What does the disappearance of this special forest ecosystem mean for our planet? This is what some mangrove experts have to say.
Catherine E. Lovelock, professor of biological sciences at the University of Queensland, Australia
Without mangroves we would all be diminished and many people would suffer. It’s a dismal scenario that includes coasts with barren, unproductive shores, collapsed fisheries, turbid, polluted water, little protection for communities from severe weather events and sea level rise and loss of many types of animals and plants. It would be a world without mangrove tigers, mangrove honeyeaters, mud crabs or mangrove mud whelks. While these losses are felt most intensely by communities that have removed or degraded their mangroves, they ultimately affect all of us through reduced food security, enhanced migration, and increased potential for conflict.
Losses of mangroves also release large amounts of carbon dioxide into the atmosphere, arising from destruction of their biomass and the release of the large carbon stocks held in their soils. This affects all of us on the planet as it contributes to global warming, further accelerating global climatic change.
Protection and restoration of the mangroves that we have already lost or degraded should have the highest priority because of the benefits to people, biodiversity and the planet. In my country, Australia, restoring the mangroves and other coastal wetlands will benefit the iconic Great Barrier Reef, improving water quality and fisheries. In other countries where I work, for example Myanmar, conserving and restoring mangroves is critical for the health of the communities of the Irrawaddy Delta who rely on the mangrove for their livelihoods and security. If we all attend to the conservation and restoration of mangroves not only will local communities benefit, but the global community will benefit by increasing the carbon sink of the coastal zone, helping to limit global warming.
Beth Polidoro, associate professor at Arizona State University and co-chair of marine fishes, Red List Authority, IUCN
Mangroves are important habitat-forming species at the interface of freshwater, marine and terrestrial ecosystems. As such, they provide a number of critical ecosystem services including protection from coastal erosion and storm damage, natural filters for pollution and sediment, carbon sequestration, and critical habitat for a wide variety of species, including nursing grounds for many coastal fishes. It is estimated that 80 percent of global fish catches are directly or indirectly dependent on mangroves. A world without mangroves would likely mean a world with fewer fishes, more coastal damage, and unknown ecosystem and public health consequences related to changes in pollutant, sediment and carbon cycles.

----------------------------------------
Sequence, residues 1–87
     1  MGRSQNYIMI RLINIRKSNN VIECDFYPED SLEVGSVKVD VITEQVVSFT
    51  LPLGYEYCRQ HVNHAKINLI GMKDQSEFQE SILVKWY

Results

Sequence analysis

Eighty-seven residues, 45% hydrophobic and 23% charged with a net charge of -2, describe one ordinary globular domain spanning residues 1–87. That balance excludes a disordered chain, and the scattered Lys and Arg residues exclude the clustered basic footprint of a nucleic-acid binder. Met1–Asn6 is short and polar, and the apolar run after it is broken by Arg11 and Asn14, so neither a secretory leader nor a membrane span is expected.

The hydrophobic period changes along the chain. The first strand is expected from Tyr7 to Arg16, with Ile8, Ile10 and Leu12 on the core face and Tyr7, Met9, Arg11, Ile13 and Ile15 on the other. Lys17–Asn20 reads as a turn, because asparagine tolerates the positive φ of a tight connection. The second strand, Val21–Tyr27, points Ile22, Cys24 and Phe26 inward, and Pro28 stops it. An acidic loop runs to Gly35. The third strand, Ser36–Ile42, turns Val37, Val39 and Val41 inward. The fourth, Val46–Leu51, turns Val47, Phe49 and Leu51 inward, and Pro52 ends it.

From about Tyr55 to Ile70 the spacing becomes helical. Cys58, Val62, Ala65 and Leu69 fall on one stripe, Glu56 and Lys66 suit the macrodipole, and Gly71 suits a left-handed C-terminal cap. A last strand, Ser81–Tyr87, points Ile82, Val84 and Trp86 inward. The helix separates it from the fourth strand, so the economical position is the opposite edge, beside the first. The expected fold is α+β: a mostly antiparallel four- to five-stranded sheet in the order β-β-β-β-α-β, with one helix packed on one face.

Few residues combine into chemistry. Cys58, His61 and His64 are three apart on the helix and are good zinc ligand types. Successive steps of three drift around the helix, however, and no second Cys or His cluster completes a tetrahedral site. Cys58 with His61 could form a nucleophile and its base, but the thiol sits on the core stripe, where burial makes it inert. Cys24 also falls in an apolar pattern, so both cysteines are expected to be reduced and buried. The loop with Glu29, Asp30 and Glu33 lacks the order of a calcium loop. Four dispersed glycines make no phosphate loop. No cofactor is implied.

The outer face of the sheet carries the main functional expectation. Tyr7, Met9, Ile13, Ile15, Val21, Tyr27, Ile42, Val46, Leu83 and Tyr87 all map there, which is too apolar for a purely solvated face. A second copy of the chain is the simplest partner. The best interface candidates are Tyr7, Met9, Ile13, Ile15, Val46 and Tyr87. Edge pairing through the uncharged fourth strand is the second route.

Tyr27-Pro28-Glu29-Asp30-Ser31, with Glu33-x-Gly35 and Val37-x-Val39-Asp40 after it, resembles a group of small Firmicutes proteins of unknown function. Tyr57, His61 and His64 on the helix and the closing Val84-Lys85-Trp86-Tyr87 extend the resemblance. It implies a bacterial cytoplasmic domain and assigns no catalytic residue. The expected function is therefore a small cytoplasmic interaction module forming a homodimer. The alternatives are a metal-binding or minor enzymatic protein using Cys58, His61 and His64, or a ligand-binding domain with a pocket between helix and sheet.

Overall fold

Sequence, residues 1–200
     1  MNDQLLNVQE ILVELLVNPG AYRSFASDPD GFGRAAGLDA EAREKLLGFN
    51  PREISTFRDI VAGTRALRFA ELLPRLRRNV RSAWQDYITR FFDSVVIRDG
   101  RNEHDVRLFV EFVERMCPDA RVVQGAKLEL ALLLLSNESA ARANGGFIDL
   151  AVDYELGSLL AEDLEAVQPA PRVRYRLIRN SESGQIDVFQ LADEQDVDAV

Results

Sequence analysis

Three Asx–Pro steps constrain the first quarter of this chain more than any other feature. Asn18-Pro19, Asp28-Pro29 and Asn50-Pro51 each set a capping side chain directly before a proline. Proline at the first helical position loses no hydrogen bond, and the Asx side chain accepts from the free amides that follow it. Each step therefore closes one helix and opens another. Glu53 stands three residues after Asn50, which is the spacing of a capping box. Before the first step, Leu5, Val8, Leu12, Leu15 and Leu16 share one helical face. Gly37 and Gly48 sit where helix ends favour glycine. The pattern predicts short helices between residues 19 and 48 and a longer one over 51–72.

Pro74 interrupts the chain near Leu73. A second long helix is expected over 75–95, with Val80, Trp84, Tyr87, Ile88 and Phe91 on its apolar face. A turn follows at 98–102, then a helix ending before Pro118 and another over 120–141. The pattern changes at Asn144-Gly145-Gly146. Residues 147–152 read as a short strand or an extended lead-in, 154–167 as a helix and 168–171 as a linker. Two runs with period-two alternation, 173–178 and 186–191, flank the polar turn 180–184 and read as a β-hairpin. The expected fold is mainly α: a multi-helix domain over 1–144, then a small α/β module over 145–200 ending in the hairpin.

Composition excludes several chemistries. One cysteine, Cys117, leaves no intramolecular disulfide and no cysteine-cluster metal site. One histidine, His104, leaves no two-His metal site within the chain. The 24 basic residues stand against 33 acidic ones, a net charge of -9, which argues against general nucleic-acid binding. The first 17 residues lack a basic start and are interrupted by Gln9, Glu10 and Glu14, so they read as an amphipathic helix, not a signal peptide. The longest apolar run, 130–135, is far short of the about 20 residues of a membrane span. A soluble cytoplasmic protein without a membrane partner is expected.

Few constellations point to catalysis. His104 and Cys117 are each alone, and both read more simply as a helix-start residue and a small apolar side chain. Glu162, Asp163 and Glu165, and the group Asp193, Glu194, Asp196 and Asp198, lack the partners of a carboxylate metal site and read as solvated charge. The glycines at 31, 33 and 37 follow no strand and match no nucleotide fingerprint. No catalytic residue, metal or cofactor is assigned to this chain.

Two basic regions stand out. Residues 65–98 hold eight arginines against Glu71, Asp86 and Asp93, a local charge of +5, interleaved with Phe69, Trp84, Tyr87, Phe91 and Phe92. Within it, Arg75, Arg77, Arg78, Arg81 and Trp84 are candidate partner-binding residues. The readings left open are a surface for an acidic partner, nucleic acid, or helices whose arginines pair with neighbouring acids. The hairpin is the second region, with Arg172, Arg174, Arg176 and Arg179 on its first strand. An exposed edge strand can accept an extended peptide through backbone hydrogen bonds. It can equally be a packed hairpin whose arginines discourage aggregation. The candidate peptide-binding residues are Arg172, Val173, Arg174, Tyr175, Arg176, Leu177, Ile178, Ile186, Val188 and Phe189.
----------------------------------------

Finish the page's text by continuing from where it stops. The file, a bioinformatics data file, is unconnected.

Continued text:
Norman Duke, professorial research fellow, mangrove hub, James Cook University, Australia
Love them or hate them, we all depend on mangroves and tidal wetlands. They have been the quiet achievers that have somehow adapted to fit among our everyday lives. Facing the sea and bordering river and stream estuaries, these habitats offer essential services that will be sorely missed when they are further diminished. But our communities are driven by short-term gain in alternate land uses, and detrimental pollution. There appears to be little regard for the advantages provided by natural ecosystems because they have rarely been valued in our terms. After all, their services have been provided for free. Why should we now pay for these benefits? And this is the nut of the current dilemma. Tidal wetlands are highly threatened by both an expanding global footprint of human development, coupled with rapid alterations to the world’s climate. The world we live in is fast changing and the natural environments must adapt and adjust to survive!
The challenge is to convince people that mangroves are useful, and healthy natural environments are good for them! One seemingly rational approach has been to give a fiscal value to natural places. But that is not easy. While we can relatively easily place a dollar value on the support and harboring of local and nearshore commercial fisheries by mangroves, what about recreational values? There are many major environmental benefits that usually go under the fiscal radar. That means we are grossly undervaluing such natural places. For mangroves, these benefits include shoreline protection and mitigation of waterways troubled by severe flooding and violent storms, plus their acknowledged extreme capacity to sequester carbon from the atmosphere — five greater than other forested places. And each of these things is increasingly threatened already as the climate changes.